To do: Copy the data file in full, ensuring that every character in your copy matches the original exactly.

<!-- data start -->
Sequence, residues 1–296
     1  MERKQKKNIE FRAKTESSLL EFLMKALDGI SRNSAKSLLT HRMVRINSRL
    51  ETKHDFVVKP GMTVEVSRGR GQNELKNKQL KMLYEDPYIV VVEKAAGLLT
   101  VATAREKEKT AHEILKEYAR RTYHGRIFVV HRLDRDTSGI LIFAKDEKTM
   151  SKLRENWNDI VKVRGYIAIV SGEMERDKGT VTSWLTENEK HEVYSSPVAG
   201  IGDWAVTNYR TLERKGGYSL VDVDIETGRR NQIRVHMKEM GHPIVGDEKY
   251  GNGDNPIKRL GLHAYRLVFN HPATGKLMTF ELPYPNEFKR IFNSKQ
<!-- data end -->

Sequence, residues 1–296
     1  MERKQKKNIE FRAKTESSLL EFLMKALDGI SRNSAKSLLT HRMVRINSRL
    51  ETKHDFVVKP GMTVEVSRGR GQNELKNKQL KMLYEDPYIV VVEKAAGLLT
   101  VATAREKEKT AHEILKEYAR RTYHGRIFVV HRLDRDTSGI LIFAKDEKTM
   151  SKLRENWNDI VKVRGYIAIV SGEMERDKGT VTSWLTENEK HEVYSSPVAG
   201  IGDWAVTNYR TLERKGGYSL VDVDIETGRR NQIRVHMKEM GHPIVGDEKY
   251  GNGDNPIKRL GLHAYRLVFN HPATGKLMTF ELPYPNEFKR IFNSKQ